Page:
Wolf Food Chain

Wolf Food Chain
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  • 1:41 Wolves & Food Chains
  • 2:19 Food Chain of a Red Wolf
  • 3:02 Food Chain of a Gray Wolf
  • 3:34 Importance & Threats
  • 4:29 Lesson Summary
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Lesson Transcript
Instructor: Amanda Robb
You might know that the wolf is a top predator. But do you know exactly what a wolf eats? In this lesson, we'll review the definition of 'food chain' and describe specifically the specific food chains for two species of wolves.

What Is a Food Chain?

In my neighborhood, there are lots of dogs, dogs of all shapes and sizes. In fact, in going about my daily business, there isn't a day that goes by that I don't see a pet owner walking their adorable dog. The neighborhood dogs play, they run; if they're lucky they might even be able to take a nap while their owner reads a newspaper in the park. They're pretty calm overall. However, no matter how calm they might be, dogs are actually closely related to wolves, wild canines that dominate their ecosystem. And while dogs go home to a bowl of Kibble, wolves have a totally different diet and are on their own when it comes to making a meal. What do these wild beasts eat? How do they get their energy? These are the types of questions we'll be answering today as we study the wolf food chain.

To start, let's review what a food chain is. A food chain is a diagram that shows the linear transfer of energy between species. In other words, the food chain shows what eats what in a particular ecosystem. At the bottom of the food chain are the producers. Producers make their own food and provide energy for the rest of the food chain. Primary consumers eat the producers. Primary consumers are called herbivores, since they only eat plants. Secondary consumers eat primary consumers. They are carnivores. And at the very top of the food chain are the tertiary consumers, or the top predators. These animals eat the primary and secondary consumers and keep the food chain in balance. Each new level on the food chain is called a trophic level. The trophic levels of a food chain are shown below.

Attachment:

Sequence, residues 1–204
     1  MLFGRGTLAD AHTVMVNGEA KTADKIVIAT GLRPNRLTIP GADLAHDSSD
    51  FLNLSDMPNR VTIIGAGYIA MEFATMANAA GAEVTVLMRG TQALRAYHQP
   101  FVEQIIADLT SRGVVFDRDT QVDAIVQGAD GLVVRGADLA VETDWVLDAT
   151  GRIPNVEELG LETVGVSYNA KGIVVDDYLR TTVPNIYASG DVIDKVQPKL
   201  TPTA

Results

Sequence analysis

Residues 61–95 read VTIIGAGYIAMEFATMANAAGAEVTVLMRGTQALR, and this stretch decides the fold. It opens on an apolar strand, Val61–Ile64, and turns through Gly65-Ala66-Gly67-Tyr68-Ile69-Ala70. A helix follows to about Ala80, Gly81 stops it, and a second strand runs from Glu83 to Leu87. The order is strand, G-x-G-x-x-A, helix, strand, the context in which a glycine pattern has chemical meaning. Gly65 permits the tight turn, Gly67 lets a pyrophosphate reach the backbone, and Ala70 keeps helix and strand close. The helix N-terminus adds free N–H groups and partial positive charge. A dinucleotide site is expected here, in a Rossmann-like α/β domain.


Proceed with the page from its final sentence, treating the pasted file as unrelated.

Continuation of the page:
Producers provide all the energy for the rest of the food chain.
food chain diagram

Wolves and Food Chains

There are two main species of wolves in the world: the red wolf and the gray wolf. Variants of each type of wolf are called sub-species, and there are dozens of those. Wolves live in groups called packs, much like humans like to have a group of friends to socialize with. The wolves live together, helping each other corner prey. Although wolves only weigh slightly over 100 pounds, they can consume up to 20 pounds of meat in one sitting! For comparison, most humans eat only a pound of meat or less at a single meal! Let's look more closely at what the two different species of wolves are eating.

Food Chain of a Red Wolf

Red wolves are an endangered species, meaning they are in danger of becoming extinct. In the 1970s, there were only 14 red wolves left in the world! Since then, scientists have bred them in captivity and increased the population to several hundred. Red wolves live primarily in the Southeastern United States.

Red wolves like to eat primary consumers such as rabbits, deer, and rodents, and secondary consumers such as raccoons. Raccoons eat primary consumers like insects and small rodents, as well as producers like fruit and nuts. Small rodents and insects are primary consumers, so they eat producers like fruit, nuts and green vegetation.

Food Chain of a Gray Wolf

Gray wolves can be found in many habitats, from cold forests in the tundra to green forests, grasslands, and desert. In the United States, gray wolves live in Northern states from Oregon to Michigan, as well as colder climates like Alaska.

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